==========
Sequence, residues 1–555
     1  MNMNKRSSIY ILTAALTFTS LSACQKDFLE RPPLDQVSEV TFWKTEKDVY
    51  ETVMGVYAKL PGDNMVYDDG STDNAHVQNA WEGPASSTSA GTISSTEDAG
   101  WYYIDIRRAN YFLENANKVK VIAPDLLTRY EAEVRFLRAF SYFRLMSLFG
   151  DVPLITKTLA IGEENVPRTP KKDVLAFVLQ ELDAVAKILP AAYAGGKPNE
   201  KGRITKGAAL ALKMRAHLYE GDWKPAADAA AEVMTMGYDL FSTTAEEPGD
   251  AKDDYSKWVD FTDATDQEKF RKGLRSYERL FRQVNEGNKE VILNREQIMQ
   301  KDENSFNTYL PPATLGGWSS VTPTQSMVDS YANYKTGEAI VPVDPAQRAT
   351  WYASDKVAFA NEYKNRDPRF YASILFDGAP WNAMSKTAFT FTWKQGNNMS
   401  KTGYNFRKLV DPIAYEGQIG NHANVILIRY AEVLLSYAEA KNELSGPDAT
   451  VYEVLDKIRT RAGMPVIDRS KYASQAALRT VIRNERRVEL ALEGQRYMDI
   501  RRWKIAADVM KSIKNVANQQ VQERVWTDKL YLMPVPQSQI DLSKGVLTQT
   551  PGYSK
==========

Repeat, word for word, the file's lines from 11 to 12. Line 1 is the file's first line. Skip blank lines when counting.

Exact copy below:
   451  VYEVLDKIRT RAGMPVIDRS KYASQAALRT VIRNERRVEL ALEGQRYMDI
   501  RRWKIAADVM KSIKNVANQQ VQERVWTDKL YLMPVPQSQI DLSKGVLTQT